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A Note On App Links And x-callback-url

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May 15, 2014

I meant to post this shortly after my article on App Links last week but college finals distracted me, so here it is now.

I've seen some people suggesting that the adoption of App Links could lead to x-callback-url fading into obsolescence. This is a completely unfounded notion. Even though App Links and x-callback-url are both URL scheme-based methods of providing deeper and more powerful inter-app communication, they generally will not compete because x-callback-url provide's only a subset of App Links' functionality. It's true that the referer_app_link property of the App Links protocol provides a functionality practically identical to that provided by x-callback-url, but that functionality is bound by the rigidity of the rest of the protocol while x-callback-url is completely free from such constraints. In order for App Links to become some sort of standard for navigation, they have to strictly define the parameters possible for the first action that tapping an App Link will launch. This first action must draw data from an actual source on the web, and it must find a very specific set of instructions in that data. x-callback-url, on the other hand, has absolutely no restrictions on the first action which its x-success parameter is tied to. This distinction makes x-callback-url more versatile, but without the strict guidelines for finding information from the web to use in the first action, it could never do what App Links does on its own. App Links, on the other hand, could never be used for such a wide variety of actions for iOS automation like x-callback-url can be used for, because the referer_app_link property can only be used to return from navigating to some other place, and can only be defined once for each page of the navigating app. There is no way to use different referer_app_links depending on what link is tapped, so the secondary action is not limitless like x-callback-url actions are.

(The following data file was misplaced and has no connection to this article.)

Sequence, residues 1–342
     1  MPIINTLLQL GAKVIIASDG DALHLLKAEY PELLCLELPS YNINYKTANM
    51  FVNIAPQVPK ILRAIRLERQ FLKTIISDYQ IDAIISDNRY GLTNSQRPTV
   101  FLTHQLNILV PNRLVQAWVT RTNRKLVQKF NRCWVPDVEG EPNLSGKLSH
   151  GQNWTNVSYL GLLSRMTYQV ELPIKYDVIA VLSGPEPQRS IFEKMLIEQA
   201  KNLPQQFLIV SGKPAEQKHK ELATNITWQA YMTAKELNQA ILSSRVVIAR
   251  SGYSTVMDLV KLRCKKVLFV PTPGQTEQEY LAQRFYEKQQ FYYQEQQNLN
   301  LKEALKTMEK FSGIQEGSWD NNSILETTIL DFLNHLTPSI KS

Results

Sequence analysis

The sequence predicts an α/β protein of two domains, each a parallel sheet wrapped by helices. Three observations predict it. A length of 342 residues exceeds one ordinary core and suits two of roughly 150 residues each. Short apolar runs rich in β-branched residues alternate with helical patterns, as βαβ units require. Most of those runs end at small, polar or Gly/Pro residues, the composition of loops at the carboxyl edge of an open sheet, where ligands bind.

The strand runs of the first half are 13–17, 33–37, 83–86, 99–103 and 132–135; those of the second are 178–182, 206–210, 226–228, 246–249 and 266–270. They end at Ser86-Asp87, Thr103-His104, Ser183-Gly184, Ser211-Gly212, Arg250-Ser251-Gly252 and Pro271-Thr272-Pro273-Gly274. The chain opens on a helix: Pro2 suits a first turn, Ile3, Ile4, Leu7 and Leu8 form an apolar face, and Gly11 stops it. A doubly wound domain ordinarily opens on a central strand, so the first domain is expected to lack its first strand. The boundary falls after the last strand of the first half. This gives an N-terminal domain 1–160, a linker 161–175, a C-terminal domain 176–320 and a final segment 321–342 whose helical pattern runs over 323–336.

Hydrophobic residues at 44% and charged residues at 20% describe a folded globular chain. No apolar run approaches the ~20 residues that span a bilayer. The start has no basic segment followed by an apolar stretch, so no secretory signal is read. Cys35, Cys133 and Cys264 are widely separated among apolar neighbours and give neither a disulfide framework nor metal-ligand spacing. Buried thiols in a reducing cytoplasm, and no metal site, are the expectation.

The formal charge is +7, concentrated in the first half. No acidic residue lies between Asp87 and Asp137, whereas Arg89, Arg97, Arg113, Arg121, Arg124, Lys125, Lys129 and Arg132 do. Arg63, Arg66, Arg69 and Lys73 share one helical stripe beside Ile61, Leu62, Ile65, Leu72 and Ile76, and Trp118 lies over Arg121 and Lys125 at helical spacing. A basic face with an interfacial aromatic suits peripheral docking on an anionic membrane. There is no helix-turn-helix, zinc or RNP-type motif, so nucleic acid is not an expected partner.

There are a few exceptions in which x-callback-url is being used in place of App Links, most notably in Google’s suite of apps. When you tap a YouTube link in Chrome, or vice versa, you will jump to the other app with a special back button to return you to the original one when you’re finished. Google can only do this, however, because they control all of the apps that the feature works with, and it is a fairly small list of apps. They basically built their own version of App Links, but it could never be used as an overarching protocol like App Links because Google’s developers had to manually build support for each app it works for into all the other apps. Greg Pierce, the creator of x-callback-url, has implemented similar inter-app communication between some of his apps, but again this can only be done because he built all the apps and has full control of all the code. App Links will work for any app without developers having to manually add support for each and every App Link-able app into their own code, that’s the entire point of the protocol.

These general distinctions are what have led x-callback-url to be used mainly to increase productivity by tying together powerful and usually user-customized actions. App Links, on the other hand, will remain geared simply towards improving navigation, and will never become nearly as great a productivity tool as x-callback-url. Thus, while in some cases they may get in each other's way, for the most part these two protocols will live in harmony, neither eliminating the other.